Toukiden: The Age of Demons Review
Beautiful graphics for the Vita, Enjoyable gameplay, Fun with Friends
Bland Environments, Narrative that falls on deaf ears, Tries to emulate Monster Hunter too closely
Toukiden: The Age of Demons is an odd beast. It not only borrows elements from the Monster Hunter franchise, but instead copies them like for like, under the disillusioned hope that it can differentiate itself enough from it’s source material. In doing so, however, it somehow manages to make itself less appealing than it’s primary influence, instead trying to throw some sort of narrative on top of the whole affair, as well as diminishing the difficulty and strategy that Monster Hunter fans have known to come and love. Is it still fun though?
It’s a standard affair from the get-go. Basic character customisation ensues, including both sexes to choose from, with the standard gravity defying Japanese hair configurations that we’ve seen across multiple games before. You choose a name, and you’re set into the wide open world almost immediately, after a tutorial-type fight with a large beastie. Obviously you’ll choose your weapon type, but the basics are in here. Large sword that’s average and easy to you? Check. Dual knives that are weaker, but give you speed as an advantage? Present. See, you’re a Slayer (not in the Buffy-eqsque way unfortunately), but due to the nonsensical narrative that happens both before and after the fight, you’ll soon switch off entirely and just skip through it. It doesn’t improve after. Every game mechanic has some back story as to why they’re important, and what purpose they serve, but it all ends up falling on deaf ears. A “Mitama” is an example of this. In the story, it’s the soul of a fallen warrior that has been taken by an Oni. All you’ll care about is that it provides extra buff’s to your character to make them that bit more proficient at killing generic, weak enemies.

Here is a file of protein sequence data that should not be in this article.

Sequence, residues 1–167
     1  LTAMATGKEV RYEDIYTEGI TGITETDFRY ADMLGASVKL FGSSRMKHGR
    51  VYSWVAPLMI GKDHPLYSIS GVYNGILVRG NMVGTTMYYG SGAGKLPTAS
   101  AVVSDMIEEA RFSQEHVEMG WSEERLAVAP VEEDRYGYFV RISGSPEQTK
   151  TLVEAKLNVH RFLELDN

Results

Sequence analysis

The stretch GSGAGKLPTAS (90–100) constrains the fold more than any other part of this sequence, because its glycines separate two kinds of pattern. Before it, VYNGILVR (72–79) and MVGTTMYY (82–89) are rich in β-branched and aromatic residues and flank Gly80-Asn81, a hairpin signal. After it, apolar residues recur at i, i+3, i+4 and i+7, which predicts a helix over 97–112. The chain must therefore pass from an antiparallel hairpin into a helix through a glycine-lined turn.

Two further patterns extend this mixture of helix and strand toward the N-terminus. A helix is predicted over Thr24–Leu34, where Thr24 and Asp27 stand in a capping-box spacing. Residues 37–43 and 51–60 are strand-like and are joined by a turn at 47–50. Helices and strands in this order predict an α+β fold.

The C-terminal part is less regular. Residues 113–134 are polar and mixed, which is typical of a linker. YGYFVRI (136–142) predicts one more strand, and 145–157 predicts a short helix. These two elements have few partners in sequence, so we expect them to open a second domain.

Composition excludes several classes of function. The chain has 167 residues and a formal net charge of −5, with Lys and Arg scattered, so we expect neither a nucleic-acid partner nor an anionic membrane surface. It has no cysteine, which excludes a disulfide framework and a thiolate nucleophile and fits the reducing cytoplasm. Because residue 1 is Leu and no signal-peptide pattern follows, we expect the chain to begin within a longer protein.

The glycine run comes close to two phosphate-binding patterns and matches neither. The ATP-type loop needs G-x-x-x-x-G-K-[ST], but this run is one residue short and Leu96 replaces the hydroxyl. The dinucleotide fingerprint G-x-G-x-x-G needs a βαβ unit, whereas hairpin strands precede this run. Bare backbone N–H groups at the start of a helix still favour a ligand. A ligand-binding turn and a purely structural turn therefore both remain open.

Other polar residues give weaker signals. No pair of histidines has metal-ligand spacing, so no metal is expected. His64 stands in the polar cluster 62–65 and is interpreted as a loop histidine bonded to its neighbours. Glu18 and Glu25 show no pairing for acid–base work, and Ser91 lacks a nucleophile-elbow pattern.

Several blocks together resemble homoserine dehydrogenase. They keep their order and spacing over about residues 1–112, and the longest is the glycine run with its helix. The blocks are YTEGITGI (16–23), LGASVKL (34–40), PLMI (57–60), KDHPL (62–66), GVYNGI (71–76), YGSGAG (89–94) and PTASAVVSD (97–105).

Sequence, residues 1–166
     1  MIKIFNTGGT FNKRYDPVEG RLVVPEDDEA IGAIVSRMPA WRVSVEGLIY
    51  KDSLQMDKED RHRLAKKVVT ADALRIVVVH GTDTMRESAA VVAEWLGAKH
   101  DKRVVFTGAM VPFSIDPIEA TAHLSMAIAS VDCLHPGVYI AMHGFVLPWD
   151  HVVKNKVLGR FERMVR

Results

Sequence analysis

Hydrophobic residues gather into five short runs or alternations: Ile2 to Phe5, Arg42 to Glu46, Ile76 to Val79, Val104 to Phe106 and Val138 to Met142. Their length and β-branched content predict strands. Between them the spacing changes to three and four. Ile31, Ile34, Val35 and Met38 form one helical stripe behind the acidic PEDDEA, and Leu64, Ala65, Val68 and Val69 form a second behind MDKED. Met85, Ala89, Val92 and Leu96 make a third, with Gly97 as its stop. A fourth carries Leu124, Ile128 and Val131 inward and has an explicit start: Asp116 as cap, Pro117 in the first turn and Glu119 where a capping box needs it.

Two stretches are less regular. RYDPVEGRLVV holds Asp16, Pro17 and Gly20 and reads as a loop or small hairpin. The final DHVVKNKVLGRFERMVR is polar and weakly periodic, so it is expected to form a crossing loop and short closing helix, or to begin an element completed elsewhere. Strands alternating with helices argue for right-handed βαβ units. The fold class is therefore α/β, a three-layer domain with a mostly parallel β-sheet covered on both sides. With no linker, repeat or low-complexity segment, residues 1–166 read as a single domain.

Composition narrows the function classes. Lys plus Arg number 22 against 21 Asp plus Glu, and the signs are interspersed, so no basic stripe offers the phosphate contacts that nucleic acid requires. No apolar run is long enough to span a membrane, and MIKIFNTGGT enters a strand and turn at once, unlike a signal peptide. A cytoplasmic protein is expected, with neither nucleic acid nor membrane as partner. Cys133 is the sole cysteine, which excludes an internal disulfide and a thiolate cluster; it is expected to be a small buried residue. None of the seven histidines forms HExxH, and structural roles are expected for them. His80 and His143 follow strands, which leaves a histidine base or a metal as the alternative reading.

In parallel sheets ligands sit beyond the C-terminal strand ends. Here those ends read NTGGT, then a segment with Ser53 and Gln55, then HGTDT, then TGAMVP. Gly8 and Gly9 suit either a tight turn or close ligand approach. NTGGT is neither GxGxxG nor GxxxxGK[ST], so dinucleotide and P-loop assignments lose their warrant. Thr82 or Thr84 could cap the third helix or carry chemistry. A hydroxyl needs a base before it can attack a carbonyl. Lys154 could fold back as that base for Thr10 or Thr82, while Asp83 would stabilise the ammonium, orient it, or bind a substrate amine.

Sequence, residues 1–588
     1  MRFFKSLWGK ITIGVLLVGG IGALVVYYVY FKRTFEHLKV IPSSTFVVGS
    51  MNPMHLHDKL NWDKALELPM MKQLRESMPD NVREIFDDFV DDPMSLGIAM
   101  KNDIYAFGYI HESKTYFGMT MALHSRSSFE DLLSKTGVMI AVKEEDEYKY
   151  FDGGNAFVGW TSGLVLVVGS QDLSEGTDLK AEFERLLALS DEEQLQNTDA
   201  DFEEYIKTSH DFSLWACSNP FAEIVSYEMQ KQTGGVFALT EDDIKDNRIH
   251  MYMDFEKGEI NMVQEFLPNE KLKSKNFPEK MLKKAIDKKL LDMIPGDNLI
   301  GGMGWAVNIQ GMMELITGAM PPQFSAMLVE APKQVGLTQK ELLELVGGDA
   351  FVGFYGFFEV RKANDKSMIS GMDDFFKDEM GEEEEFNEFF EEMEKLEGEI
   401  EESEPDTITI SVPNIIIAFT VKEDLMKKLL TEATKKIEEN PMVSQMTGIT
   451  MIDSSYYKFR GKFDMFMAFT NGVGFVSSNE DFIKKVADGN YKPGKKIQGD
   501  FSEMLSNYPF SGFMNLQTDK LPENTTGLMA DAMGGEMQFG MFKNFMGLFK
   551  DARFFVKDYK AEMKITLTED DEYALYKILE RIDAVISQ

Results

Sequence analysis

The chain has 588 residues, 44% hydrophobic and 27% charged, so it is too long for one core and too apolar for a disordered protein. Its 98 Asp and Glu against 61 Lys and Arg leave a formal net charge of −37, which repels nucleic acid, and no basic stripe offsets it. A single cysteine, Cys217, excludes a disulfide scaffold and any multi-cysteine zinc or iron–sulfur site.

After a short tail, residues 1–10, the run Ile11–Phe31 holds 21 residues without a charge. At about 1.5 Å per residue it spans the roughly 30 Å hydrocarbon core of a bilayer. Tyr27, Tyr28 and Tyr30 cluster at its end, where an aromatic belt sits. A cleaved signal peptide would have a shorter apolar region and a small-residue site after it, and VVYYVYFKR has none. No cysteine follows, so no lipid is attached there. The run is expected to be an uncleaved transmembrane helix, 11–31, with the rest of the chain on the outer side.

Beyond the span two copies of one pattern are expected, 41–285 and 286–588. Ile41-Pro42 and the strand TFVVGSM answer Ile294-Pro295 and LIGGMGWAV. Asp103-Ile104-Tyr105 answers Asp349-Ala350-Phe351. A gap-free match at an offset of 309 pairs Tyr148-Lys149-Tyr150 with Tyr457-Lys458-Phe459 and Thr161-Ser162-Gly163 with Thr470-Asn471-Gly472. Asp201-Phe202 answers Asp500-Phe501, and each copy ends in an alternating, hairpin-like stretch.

Regardless, you join your band of merry , albeit generic, heroes and slay things, much like the mission structure of Monster Hunter. You do this by talking to a “quest-giver” (for lack of a better title) in your small, lifeless village, that contains blacksmiths, venders, and your own house. Can you see what I’m trying to get at yet? This game is, fundamentally, a re-skinned version of one of Capcom’s greatest titles, and it doesn’t feel ashamed to show it. Other games that are akin to the MH formula have always tried to differentiate themselves enough to warrant a purchase from the consumer, and Soul Sacrifice comes to mind. It manages to overlay an interesting narrative on top of everything that MH had, including a different combat style that features deep, impactful choices. The combat in Toukiden holds no real weight, making your swings feel pathetic the whole time, regardless of what you’re slashing.
That’s not to say this is an appalling game though. Whilst it doesn’t hold a candle to the source material and it’s main inspiration, it is still fairly enjoyable to smash through the standard array of enemies, which grow in size throughout your progress through the missions. Admittedly, the “Kill X (insert creature name here)” missions did get repetitive a lot quicker than MH, but this may be due to the lack in difficulty as previously mentioned, even with the larger beasts. Multiplayer itself increases the enjoyability of the game somewhat, but the issues are still ingrained in the gameplay mechanics deep enough to prevent truly memorable fights.
The personality of the game itself also gives off a serious one which seemed to fail quite spectacularly. MH has a usually comedic and laid back attitude when in the village, which is in direct contrast when out on the battlefield. Soul Sacrifice has a deep, heavy feeling throughout the entirety of the game, and this is maintained in the narrative and environment. Toukiden, however, features a western vibe that does nothing to enforce the story it is trying to push; It’s just yet another bland backdrop. And, fundamentally, that is the problem with this game. Everything implemented doesn’t hold the ground that Omega Force hoped it would, and doing so has cheapened the experience. With a bit of luck, any future iterations of the Toukiden franchise will alleviate these problems and give the series the characteristic and praise it deserves.